Today is a day of action. Today, we are asking all Americans to take two minutes and contact the FCC, to make your voice heard, and make sure the FCC knows that you want network neutrality to be protected. Ars has a good collection of essential reading about network neutrality, but if you only have time to read one of them, here’s a concise guide to writing a comment to the FCC.

Two minutes, you guys. That’s all we need from you today. Please, take action.


I need help formatting a micro sd card

I almost posted this on Facebook and G+, but then I remembered that the point of Daily December is to post whatever I want. Maybe there will be answers to this question that are helpful for others, and I’d prefer that those answers live here, instead of a social network I don’t control.

So. My question:

I have a 128gb micro SD card that I am trying desperately to partition and format so I can load NOOBS onto it.I can’t use the full card as a single, formatted partition because the hardware isn’t able to read exFAT. I understand that I need to format a primary partition to 32GB, filetype FAT32, and make it bootable. I can then extract NOOBS onto that partition, and install as usual.
I can format this card to one huge partition using SD Formatter, but then I get stuck. The problem is, I can’t figure out fdisk and parted (the documentation on that is a little tough for me to follow), and gparted isn’t letting me resize the one massive partition. I’ve tried to resize and create partitions in Apple’s Disk Utility and in whatever the utility is in Windows, without success.
Does anyone have a link to, like, “fdisk and/or parted for idiots” or something like that, that I can use? I’m so frustrated and I feel so dumb right now.
Okay, so I tried all the command line tools I could, I tried Disk Utility on my Mac, and even though I understood what I was doing, and followed my steps exactly, even using cfdisk (which is amazing and will be in my toolbox forever, now), I could write the partition changes to the disk, but still couldn’t get any system (OS X, Linux, or Windows) to recognize the device. But then I used Partition Wizard, as recommended, and it just worked. I made an 8GB bootable primary FAT32 partition, and then made two more 32GB primary partitions for good measure, even though I probably didn’t have to do that. The rest of the space on the card is currently unallocated.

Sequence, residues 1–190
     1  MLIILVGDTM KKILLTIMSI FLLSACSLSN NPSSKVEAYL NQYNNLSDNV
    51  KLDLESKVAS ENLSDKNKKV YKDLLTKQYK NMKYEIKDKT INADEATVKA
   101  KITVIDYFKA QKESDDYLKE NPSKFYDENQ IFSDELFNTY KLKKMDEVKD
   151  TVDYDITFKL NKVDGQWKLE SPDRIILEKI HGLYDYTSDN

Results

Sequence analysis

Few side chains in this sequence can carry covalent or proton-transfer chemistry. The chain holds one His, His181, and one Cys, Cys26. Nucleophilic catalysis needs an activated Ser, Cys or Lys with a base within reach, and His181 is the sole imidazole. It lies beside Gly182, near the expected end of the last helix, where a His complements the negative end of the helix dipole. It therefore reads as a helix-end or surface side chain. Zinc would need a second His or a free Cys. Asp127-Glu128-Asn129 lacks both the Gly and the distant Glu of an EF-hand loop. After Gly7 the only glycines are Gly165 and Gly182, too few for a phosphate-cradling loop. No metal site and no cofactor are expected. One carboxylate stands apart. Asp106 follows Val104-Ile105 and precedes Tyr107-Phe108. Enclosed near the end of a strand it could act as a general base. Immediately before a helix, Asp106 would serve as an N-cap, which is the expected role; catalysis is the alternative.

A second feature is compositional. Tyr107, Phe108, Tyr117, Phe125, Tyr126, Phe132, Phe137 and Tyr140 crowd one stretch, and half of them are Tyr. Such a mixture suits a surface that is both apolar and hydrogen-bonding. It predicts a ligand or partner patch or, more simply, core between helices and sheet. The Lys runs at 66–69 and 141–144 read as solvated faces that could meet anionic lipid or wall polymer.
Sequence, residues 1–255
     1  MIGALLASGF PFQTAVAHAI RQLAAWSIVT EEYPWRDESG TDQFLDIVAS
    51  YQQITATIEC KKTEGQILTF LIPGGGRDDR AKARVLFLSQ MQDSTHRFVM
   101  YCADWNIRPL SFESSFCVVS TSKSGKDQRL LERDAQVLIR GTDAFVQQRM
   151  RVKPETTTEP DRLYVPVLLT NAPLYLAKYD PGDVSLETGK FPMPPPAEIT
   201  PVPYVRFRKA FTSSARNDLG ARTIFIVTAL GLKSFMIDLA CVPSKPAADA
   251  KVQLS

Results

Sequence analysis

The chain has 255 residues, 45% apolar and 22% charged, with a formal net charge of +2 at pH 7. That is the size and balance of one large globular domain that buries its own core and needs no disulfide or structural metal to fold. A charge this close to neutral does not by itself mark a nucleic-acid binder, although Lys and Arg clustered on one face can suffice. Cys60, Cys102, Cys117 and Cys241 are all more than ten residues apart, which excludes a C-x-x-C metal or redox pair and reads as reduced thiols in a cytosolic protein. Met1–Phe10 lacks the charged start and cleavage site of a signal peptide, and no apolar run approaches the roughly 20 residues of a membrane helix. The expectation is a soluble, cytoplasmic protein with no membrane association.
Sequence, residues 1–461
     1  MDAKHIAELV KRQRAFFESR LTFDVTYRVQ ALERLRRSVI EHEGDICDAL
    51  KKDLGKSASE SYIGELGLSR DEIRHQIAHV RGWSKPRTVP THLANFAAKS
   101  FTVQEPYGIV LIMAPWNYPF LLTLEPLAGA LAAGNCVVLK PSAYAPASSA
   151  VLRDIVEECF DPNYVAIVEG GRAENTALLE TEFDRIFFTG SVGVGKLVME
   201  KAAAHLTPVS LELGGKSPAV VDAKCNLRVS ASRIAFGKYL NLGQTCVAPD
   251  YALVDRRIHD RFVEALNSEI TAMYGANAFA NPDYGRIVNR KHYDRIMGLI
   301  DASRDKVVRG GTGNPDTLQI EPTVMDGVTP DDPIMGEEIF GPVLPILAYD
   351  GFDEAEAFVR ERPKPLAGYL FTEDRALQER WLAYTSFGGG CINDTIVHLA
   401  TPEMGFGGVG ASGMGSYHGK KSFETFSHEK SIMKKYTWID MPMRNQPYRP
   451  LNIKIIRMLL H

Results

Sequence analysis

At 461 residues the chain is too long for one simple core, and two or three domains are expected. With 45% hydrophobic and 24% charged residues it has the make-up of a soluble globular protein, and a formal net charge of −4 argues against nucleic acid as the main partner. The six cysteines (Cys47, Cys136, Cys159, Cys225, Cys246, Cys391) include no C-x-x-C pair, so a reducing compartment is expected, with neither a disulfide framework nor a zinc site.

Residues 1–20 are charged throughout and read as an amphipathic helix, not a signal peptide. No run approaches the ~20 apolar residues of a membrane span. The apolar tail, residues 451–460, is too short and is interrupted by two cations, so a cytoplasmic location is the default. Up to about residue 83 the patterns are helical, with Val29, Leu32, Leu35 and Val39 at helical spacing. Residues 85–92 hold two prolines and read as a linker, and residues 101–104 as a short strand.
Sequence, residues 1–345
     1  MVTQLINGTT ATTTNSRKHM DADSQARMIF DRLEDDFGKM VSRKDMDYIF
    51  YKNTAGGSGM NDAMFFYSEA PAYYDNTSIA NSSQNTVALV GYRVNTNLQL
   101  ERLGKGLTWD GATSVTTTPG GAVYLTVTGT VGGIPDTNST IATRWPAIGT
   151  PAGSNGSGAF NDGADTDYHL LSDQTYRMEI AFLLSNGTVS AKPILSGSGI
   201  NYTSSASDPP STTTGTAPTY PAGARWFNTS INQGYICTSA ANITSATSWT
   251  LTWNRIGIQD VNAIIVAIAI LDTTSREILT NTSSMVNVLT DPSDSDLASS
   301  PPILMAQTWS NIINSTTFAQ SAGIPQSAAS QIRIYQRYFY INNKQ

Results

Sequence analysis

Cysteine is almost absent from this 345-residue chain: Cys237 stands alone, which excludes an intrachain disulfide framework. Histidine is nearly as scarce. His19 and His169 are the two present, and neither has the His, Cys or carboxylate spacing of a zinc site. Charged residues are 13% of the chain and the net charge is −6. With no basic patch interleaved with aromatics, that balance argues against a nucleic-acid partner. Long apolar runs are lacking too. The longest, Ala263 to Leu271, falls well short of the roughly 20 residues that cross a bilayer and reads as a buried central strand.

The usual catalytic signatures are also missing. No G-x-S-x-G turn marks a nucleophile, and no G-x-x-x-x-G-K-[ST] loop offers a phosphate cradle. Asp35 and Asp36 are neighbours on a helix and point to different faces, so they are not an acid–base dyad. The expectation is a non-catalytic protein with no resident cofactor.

On the one hand, YAY! It’s working! I can use this SD card and I’ve saved myself a walk to the store! On the other hand, Damn. I wish I knew what Partition Wizard was doing that none of my other tools were doing, so that I learned something from this whole experience, and that I can share that knowledge with anyone else who finds themselves wondering how to fix a similar problem.I don’t feel frustrated, but I still feel dumb. At the moment, I’ll take it.
Thanks for your help, everyone!

rediscovering the joy of general purpose computing

A few years ago, I got to narrate the audiobook of Cory Doctorow’s Information Doesn’t Want To Be Free. It’s primarily about how creators can make a living online, and contains a ton of useful advice on doing that successfully. It’s also about the power and significance of General Purpose Computing.